Snail Dissection

Step 1

  • Orient the specimen

Photograph of a freshly preserved animal. Note the head and tail region of the animal, as the specimen will appear different after removal of the shell. For humane purposes, ensure that the animal is completely unresponsive to touch before initiating the dissection. See supplies section on how to relax the specimen.

step01 Figure: 01

Step 2

  • Remove the animal from the shell

In some cases, it may be possible to remove the dead animal from its shell using curved forceps. If this is not possible, slowly break the shell from the aperture backwards, following the whorls, until the animal can be removed from the shell intact. (It is important to retain the broken pieces of the shell for identification purposes). A pair of needle-nose pliers may be used depending on the size of the animal’s shell.

step02 Figure:02

step03 Figure:03

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Step 3

  • Submerge “Shell-less” animal in 75% Ethanol or Water

Diagram showing a Helix species with the shell removed (Figure 06) was provided to assist with the orientation of the specimen. Place the “shell-less” adult specimen in a dish with 75% ethanol or water covering it.

step06 Figure 06 step07 Figure 07

Step 4

  • Uncoil snail and make an incision above the mantle skirt

Slowly uncoil the portion of the animal that was inside the shell to expose its contents. Make an incision just above the mantle skirt as indicated by the broken line in Figure 08. Be sure to make shallow incisions and angle the scissors upwards, and away from the internal organs. Cut as far along the skirt as possible.

step08 Figure: 08

step09 Figure: 09

Step 5

  • Cut along the length of the thin membrane

Cut along the broken lines as indicated in Figure 10. Avoid all internal organs/structures by only cutting the thin (transparent) membrane. Continue with the incision along the edge of the membrane all the way to the first whorl. This will expose portions of the reproductive and digestive system. Also, cut along the lines indicated in Figure 12 to expose the base of both systems.

step10 Figure: 10 step11 Figure: 11 step12 Figure: 12

Step 6

  • Peel back the membrane to expose the internal organs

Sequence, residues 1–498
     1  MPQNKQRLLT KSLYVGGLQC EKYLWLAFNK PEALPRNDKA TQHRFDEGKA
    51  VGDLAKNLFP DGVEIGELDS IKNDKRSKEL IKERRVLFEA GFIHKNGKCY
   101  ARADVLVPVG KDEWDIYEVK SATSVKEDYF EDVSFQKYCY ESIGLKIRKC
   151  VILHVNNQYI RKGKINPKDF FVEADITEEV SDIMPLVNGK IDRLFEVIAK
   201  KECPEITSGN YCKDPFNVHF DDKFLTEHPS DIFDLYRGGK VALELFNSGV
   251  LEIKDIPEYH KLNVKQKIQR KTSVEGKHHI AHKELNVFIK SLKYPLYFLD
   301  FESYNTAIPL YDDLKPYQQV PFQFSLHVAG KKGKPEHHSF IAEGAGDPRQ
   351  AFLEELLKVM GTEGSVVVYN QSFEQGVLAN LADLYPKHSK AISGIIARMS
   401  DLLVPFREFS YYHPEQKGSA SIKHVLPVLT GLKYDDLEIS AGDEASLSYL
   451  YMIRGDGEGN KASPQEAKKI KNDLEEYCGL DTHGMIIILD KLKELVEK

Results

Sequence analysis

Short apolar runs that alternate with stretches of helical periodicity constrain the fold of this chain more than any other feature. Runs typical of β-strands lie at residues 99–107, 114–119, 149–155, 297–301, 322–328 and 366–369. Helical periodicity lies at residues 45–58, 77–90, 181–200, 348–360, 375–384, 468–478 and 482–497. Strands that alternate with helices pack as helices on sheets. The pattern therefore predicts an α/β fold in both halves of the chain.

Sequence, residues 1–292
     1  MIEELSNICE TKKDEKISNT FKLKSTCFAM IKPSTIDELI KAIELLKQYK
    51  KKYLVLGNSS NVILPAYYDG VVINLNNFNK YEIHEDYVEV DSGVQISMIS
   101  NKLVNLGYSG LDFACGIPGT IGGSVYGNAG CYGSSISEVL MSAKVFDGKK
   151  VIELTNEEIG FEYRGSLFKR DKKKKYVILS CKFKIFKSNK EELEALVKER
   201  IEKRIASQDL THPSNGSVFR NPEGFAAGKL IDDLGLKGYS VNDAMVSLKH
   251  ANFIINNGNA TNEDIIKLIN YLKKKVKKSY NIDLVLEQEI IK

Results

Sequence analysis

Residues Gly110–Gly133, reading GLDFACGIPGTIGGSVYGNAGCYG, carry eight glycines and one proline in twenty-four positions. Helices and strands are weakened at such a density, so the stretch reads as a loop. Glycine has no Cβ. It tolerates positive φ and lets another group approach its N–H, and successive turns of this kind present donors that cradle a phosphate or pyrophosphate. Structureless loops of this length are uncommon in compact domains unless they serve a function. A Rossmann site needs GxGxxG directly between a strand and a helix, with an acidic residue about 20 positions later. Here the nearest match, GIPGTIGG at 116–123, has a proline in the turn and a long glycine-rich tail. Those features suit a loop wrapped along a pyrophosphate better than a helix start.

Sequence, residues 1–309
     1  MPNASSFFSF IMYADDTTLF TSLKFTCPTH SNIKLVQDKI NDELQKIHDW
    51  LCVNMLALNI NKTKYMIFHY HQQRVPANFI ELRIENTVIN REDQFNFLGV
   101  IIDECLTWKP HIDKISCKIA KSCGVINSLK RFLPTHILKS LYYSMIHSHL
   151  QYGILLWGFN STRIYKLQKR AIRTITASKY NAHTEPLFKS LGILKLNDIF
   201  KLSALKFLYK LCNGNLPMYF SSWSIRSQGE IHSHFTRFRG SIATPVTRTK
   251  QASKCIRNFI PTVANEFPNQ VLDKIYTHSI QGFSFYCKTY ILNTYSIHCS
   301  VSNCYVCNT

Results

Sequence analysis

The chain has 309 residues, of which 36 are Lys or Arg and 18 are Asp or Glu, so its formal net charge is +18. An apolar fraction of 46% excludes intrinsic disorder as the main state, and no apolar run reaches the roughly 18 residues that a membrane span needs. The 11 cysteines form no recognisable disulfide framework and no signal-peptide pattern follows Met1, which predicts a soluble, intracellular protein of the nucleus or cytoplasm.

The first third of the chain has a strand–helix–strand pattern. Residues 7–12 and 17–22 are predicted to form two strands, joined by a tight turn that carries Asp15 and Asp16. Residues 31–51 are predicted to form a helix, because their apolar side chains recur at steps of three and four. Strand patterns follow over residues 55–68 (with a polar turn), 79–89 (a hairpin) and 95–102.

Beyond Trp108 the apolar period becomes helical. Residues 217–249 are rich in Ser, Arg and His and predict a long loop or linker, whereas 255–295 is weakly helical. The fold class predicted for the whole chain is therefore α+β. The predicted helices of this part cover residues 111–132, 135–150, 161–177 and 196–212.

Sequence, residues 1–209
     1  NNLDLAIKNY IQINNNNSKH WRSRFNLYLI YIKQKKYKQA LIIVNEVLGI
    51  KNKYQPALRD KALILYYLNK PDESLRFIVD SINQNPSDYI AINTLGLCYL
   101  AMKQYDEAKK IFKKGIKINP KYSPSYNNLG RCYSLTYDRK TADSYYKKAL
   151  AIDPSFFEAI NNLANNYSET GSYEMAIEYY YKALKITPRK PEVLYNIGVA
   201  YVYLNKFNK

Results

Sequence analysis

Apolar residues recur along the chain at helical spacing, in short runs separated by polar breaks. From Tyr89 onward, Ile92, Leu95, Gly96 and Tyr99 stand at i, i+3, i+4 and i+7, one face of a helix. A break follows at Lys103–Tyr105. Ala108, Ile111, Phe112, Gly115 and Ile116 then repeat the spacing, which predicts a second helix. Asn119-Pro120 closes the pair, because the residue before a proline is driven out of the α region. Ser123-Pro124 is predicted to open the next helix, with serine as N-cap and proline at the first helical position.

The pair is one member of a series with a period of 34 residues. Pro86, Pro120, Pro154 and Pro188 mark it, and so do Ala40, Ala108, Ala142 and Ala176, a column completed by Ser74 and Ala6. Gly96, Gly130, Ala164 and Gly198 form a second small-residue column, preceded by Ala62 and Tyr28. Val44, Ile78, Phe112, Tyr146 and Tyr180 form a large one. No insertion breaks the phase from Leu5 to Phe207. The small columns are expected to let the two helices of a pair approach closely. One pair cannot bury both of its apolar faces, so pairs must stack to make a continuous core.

Peel back the transparent membrane to expose the internal organs. Continue with the incision made in Figure 12 all the way to the end of the coiled regions of the animal (portion that was retained inside the shell).The animal may be inverted to accomplish this as indicated by the broken lines in Figure 15.

step13 Figure: 13 step14 Figure: 14 step15 Figure: 15

Step 7

  • Remove ovotestis from digestive gland

Slowly tease the ovotestis and the albumen gland away from the digestive gland. Both organs can be carefully separated with a pair of tweezers. Once dislodged, both systems can be separated as indicated in Figure 19.

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step17 Figure: 17

step18 Figure: 18

step19 Figure: 19

Step 8

  • Cut forward into the mantle skirt to expose the base of the reproductive system

Rotate the animal unto the side (may have to hold in hands) and cut into the mantle skirt going forward, towards the head. Be sure to make the incision between the ocular tentacles. This cut will expose the basal region of the reproductive system.

The pins can be removed from the specimen for photography or closer examination.

step20 Figure: 20

step21 Figure: 21

Step 9

  • Detach the reproductive system

Gently separate the reproductive system from the digestive system. Note the genital opening in Figure 22. Make incisions along the broken lines as indicated in Figure 22. Be careful to avoid cutting through the atrium. This incision will detach the entire reproductive system form the rest of the animal (Figure 23). Use an insect pin to gently unravel the vas deferens, bursa copulatrix, oviduct, flagellum, and penis by following the connection to each.

step22 Figure: 22

step23 Figure: 23

Step 10

  • Treatment for Photography

If a photograph of the reproductive system is required, the structures can be arranged and pinned as desired then fixed in place by immersion in 95% ethanol for approximately 15 minutes. DO NOT leave the reproductive structures in 95% ethanol for an extended period as dehydration and distortion will occur. The pins can be removed from the specimen for photography or closer examination.

step24 Figure: 24

step25 Figure: 25